Pregnancy and IBD
Women with IBD are always concerned about ensuring their pregnancies go smoothly. Two major concerns involve mode of delivery (vaginal delivery versus Cesarian section) and safety of drugs used to treat IBD for the baby.
Several years ago we reported that Manitobans with either Crohn’s disease or ulcerative colitis were significantly more likely to undergo Cesarian section than the general population. Since women with Crohn’s disease may have perianal fistulas, it was somewhat not surprising that more women with Crohn’s disease may have avoided a vaginal delivery where there can be potential trauma to the perianal area. However, it was surprising that women with ulcerative colitis were as likely as women with Crohn’s disease to have Cesarian sections. We wondered whether some doctors were attributing some of the potential risk of Crohn’s disease to ulcerative colitis.
In another related study we assessed women with Crohn’s disease of childbearing age registered in our University of Manitoba IBD Research Registry for their prevalence of perianal disease and for their mode of delivery. We found that women without perianal disease or those with inactive perianal disease could safely undergo vaginal deliveries without risk of developing or flaring perianal fistulas. However, women with active perianal disease (active fistulas) should undergo a Cesarian section, because for those women a vagianl delivery can lead to worsened perianal fistulizing disease.
Ilnyckyj A, Blanchard JF, Rawsthorne P, Bernstein CN. Perianal Crohn’s disease and pregnancy: Role of the mode of delivery. American Journal of Gastroenterology 1999; 94: 3274-3278.
Moffatt D, Ilnyckyj A, Bernstein CN. A Population based study of breastfeeding in inflammatory bowel disease: Initiation, duration and effect on disease in the post partum period. American Journal of Gastroenterology 2009; 104: 2517-23.
We aimed to assess breastfeeding practices and the impact of breastfeeding on disease flare during the postpartum year in IBD. Women of childbearing age from 1985 to 2005 were identified from the University of Manitoba IBD Research Registry.
Questionnaires were completed regarding pregnancy and the postpartum period. Data for initiation and duration of breastfeeding were compared with regional data from Manitobans.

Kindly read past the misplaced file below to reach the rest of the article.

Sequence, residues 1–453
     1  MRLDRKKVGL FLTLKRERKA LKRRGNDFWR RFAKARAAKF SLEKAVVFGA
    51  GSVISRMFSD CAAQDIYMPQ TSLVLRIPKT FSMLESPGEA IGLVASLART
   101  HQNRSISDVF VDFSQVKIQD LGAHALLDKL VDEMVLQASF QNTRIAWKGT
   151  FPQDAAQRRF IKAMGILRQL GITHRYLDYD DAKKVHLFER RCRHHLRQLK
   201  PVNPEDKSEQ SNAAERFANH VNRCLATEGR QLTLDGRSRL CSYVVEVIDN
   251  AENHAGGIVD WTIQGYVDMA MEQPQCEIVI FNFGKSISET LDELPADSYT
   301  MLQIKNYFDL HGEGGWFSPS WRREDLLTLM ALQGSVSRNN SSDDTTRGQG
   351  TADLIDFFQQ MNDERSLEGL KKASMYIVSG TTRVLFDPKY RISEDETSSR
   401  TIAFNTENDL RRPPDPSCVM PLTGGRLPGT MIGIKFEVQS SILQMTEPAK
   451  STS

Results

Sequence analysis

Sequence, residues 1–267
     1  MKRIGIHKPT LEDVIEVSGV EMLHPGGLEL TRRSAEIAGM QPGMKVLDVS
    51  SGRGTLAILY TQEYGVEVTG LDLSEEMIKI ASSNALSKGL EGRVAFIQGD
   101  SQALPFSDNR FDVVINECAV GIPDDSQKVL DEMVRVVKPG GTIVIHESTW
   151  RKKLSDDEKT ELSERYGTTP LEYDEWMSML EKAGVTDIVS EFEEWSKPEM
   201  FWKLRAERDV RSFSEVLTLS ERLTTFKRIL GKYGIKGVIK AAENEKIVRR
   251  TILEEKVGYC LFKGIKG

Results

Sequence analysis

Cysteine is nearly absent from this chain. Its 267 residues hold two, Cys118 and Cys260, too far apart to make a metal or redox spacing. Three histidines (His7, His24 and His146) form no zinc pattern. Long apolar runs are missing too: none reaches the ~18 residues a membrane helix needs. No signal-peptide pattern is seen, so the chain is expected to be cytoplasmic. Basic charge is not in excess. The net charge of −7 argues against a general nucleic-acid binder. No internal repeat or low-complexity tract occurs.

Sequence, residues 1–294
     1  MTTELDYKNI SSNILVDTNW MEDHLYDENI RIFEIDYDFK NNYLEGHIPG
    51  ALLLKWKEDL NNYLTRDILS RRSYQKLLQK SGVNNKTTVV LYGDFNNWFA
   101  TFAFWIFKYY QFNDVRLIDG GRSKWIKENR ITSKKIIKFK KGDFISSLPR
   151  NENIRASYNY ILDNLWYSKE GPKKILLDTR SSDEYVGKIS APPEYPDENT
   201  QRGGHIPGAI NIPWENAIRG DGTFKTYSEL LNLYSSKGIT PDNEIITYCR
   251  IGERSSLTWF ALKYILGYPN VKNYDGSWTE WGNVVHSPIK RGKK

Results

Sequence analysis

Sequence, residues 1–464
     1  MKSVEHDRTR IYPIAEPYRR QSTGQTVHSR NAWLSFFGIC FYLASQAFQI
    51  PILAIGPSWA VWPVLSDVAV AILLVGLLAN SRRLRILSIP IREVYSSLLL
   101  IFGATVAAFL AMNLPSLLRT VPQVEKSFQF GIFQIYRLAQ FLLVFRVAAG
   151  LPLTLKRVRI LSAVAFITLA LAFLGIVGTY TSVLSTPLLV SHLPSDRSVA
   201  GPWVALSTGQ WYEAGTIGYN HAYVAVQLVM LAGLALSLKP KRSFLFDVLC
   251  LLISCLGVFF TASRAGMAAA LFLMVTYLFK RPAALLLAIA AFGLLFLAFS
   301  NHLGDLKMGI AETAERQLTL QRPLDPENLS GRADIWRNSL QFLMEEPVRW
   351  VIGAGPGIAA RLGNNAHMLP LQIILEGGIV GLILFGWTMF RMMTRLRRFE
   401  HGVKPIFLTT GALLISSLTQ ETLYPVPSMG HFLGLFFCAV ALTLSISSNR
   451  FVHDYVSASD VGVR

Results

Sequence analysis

132 women responded to the survey, yielding information on 156 births. Breastfeeding was initiated in 83.3% of women with IBD, 81.9% of Crohn’s disease patients, and 84.2% of ulcerative colitis patients vs. 77.1 % in the general population. 56.1% of women with IBD, breastfed for >24 weeks vs. 44.4% of non-IBD controls.
The rate of disease flare in the postpartum year was not different in Crohn’s disease or UC among breastfeeders vs non breastfeeders. Risk of disease flare was not related to age at pregnancy, duration of disease, or socioeconomic status. We concluded that women with IBD are as likely as the general population to breastfeed their infants.
Further, breastfeeding was not associated with an increased risk of disease flare and may even provide a protective effect against disease flare in the postpartum year. Women should be encouraged to breastfeed but must review whether it is safe to do so with their doctors, in terms of whether the medications they use cross into breast milk.
Below are summary tables regarding drug safety in pregnancy and during breastfeeding
TABLE 1: Safety of IBD drugs in pregnancy
Known to be safe during pregnancy
Oral 5-ASA (Asacol, Pentasa, Salofalk)
Topical 5-ASA (Salofalk enemas or suppositories)
* An increase in some congenital abnormalities has been reported in newborns whose mothers used corticosteroids during pregnancy
Likely to be safe during pregnancy
Known to be UNSAFE during pregnancy
TABLE 2: Safety of IBD medications during breastfeeding
Known to be safe during breastfeeding
Topical 5-ASA (Salofalk enemas, suppositories)
Oral 5-ASA (Asacol, Pentasa, Salofalk)
Likely to be safe during breastfeeding
*A potential problem of using these agents if breastfeeding is that while a minimal amount may cross into breast milk if the baby does not metabolize these agents normally the baby can develop low white blood cell counts and hence may need intermittent blood testing
Known to be UNSAFE during breastfeeding